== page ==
Genus Thalassarche

Ten species listed here.

  • Atlantic Yellow-nosed Albatross Thalassarche chlororhynchos, Tristan da Cunha archipelago.
  • Indian Yellow-nosed Albatross Thalassarche carteri, Pr. Edward, Crozet, Kerguelen, Amsterdam, St Paul Is.
  • Grey-headed Albatross Thalassarche chrysostoma, South America, South Georgia, Pr. Edward, Crozet, Kerguelen, Maquarie, Campbell Is.
  • Black-browed Albatross Thalassarche melanophris, Falklands, South Georgia, Crozet, Kerguelen, Heard, Maquarie, Snares, Antipodes and Campbell Is.
  • Campbell Albatross Thalassarche impavida, only Campbell Island.
  • Buller's Albatross Thalassarche bulleri, two subspecies:
    • Buller's Albatross Thalassarche b. bulleri, Chatham and Three Kings Is.
    • Pacific Albatross Thalassarche b. platei, Snares and Solander Is.
  • Shy Albatross Thalassarche cauta, two subspecies: 
    • Tasmanian Shy Albatross Thalassarche c. cauta, Tasmania.
    • New Zealand White-capped or Auckland Shy Albatross Thalassarche c. staedi, Auckland, Chatham and Antipodes Is.
  • Chatham Albatross Thalassarche eremita, Chatham Is.
  • Salvin's Albatross Thalassarche salvini, Bounty, Snares and Crozet Is.

Evolution and taxonomy


All Mollymawks are Southern Hemisphere breeders and some species wander around the globe, such as Black-browed, Grey-headed and possibly Shy and Salvin's. Other, such as the Atlantic and Indian Yellow-nosed have a more resticted, but still vast area, in the respective oceans. Both Buller's are confined to the southern Pacific and the Campbell remains in the New Zealand and Australian waters.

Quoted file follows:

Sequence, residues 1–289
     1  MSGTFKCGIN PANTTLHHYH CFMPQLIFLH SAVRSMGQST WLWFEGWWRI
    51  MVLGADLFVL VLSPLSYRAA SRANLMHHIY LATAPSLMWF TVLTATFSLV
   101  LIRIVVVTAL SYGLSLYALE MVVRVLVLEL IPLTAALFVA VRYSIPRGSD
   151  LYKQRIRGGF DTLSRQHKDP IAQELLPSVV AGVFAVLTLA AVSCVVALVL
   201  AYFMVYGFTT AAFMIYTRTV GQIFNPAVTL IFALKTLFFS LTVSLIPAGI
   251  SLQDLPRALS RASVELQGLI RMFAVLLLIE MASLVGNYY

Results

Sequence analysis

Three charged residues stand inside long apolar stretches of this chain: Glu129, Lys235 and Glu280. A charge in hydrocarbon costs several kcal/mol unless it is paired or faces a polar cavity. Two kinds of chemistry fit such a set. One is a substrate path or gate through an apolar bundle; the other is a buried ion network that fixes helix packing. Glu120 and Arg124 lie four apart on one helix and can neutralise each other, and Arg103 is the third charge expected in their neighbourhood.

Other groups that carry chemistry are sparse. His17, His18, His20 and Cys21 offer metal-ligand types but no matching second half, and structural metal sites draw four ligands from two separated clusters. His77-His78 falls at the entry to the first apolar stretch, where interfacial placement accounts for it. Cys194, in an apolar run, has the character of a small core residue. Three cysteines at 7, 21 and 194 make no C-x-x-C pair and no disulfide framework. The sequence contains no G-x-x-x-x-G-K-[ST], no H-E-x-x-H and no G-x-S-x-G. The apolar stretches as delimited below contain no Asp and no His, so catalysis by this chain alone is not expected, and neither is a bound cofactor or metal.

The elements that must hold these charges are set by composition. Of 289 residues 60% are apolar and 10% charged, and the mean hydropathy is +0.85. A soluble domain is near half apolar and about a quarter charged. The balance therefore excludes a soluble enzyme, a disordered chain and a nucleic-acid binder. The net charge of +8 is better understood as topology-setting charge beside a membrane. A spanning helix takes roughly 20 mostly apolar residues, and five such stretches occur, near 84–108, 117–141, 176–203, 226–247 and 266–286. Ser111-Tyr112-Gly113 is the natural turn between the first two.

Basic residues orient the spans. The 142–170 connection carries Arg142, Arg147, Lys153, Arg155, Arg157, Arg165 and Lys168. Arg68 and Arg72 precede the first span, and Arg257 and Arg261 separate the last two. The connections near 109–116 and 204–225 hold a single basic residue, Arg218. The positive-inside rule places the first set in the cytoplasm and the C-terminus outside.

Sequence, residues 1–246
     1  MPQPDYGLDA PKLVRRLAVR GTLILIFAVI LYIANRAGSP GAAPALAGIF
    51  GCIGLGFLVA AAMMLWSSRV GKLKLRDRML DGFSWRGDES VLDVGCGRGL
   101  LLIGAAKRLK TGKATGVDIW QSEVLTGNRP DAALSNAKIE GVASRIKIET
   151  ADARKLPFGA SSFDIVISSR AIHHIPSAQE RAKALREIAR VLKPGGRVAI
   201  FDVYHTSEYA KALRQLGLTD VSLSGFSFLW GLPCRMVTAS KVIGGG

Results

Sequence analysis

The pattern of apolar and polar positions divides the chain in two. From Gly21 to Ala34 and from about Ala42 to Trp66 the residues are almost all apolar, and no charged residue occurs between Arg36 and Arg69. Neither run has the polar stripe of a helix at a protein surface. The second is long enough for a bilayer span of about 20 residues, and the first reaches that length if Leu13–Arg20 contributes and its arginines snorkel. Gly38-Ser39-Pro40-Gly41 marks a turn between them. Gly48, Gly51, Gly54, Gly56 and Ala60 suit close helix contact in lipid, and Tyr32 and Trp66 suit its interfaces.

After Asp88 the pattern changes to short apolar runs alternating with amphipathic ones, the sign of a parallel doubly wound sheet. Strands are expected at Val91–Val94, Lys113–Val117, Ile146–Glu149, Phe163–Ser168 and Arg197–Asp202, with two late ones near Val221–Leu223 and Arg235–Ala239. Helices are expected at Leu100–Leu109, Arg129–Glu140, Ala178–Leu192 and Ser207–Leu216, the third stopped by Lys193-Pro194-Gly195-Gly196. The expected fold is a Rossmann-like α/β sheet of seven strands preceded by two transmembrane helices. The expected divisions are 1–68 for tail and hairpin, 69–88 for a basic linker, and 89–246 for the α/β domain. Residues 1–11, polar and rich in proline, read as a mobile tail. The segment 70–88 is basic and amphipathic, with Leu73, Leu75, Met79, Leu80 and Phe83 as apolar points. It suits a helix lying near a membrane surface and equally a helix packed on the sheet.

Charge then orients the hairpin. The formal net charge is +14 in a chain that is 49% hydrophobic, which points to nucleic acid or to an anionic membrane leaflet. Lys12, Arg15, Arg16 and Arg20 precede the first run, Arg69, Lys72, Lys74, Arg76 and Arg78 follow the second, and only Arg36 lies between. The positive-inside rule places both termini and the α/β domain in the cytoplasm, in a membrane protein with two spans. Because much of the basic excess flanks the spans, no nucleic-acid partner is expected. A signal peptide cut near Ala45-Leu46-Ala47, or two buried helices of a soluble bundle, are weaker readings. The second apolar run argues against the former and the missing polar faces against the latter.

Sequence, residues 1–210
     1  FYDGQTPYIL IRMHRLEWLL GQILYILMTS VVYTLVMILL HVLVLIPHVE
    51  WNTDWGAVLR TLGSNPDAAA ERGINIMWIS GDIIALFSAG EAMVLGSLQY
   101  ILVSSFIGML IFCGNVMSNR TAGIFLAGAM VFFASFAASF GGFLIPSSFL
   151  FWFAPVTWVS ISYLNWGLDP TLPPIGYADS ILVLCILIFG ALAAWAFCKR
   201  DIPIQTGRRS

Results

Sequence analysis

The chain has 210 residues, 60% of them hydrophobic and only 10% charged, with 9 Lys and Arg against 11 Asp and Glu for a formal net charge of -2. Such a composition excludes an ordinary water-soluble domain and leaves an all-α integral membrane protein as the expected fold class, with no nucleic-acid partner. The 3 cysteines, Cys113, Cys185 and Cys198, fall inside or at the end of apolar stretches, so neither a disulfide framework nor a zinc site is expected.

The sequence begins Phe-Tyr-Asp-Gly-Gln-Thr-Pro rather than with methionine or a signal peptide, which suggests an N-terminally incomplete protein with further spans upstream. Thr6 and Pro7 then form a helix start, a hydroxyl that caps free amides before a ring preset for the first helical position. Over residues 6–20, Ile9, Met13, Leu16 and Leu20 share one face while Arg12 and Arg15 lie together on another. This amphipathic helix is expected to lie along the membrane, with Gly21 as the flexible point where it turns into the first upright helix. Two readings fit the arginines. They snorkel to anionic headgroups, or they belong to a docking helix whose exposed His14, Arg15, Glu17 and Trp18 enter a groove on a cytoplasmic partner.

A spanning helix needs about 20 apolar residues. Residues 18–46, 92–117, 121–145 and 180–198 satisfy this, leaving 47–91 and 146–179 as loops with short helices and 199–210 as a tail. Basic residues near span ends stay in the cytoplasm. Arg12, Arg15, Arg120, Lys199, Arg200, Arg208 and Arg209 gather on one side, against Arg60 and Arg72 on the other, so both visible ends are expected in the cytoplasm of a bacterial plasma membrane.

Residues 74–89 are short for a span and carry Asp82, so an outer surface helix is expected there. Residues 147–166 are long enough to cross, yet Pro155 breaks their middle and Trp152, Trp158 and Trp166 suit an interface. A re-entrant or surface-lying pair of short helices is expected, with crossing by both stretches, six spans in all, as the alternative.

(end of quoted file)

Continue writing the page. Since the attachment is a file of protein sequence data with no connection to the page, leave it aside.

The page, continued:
The Thalassarche species are 'small' abatrosses (3-5 kg). Like the Great Albatrosses the smaller Mollymawks are  perfectly adapted to a gliding flight and dynamic soaring. Nevertheless they are better equipped for a flapping flight, which is expressed by the proportional weight of the flight musculature (ca 9%), smaller wing loading and lower aspect ratio (ca 13.8). Feeding is mainly done by surface picking but Black-browed and Grey-headed have been observed diving to about 6.5 m (Prince et al. 1994; Huin & Prince 1997). Walking and standing is relatively well developed as in the other albatrosses.


Mollymawk skulls are rather similar in shape and proportions. Dénes & Silveira (2007) made an extensive study of the cranial osteology of several Thalassarche and Diomedea species (see References). Murphy (1936) published detailed drawings of Thalassarche bills and plate lay out.

skull Atlantic yellow-nosed albatross Thalassarche chlororhynchos

Atlantic Yellow-nosed Albatross Thalassarche chlororhynchos. South Africa
Culmen: 109.2 mm, total: 177,5 mm, unsexed adult
skull grey-headed albatyross Thlassarche chrysostoma

Grey-headed Albatross Thalassarche chrysostoma. Location unknown
Culmen 115.8 mm, Total:193.1 mm, unsexed adult. Courtesey of G. v.d. Brink 
skull black-browed albatross Thalassarche melanophris

Black-browed Albatross Thalassarche melanophris. Falkland Islands. 
Culmen: 121.3 mm, Total: 192.5 mm, unsexed adult. Courtesey of Joost Pompert, Falkland Is Fisheries Dept. 

New Zealand White-capped Albatross Thalassarche c. staedi. Cable Bay, NZ
Culmen ca 125 mm, Total: 202 mm, unsexed adult


Photo upper right:
New Zealand White-capped Albatross © Eric Preston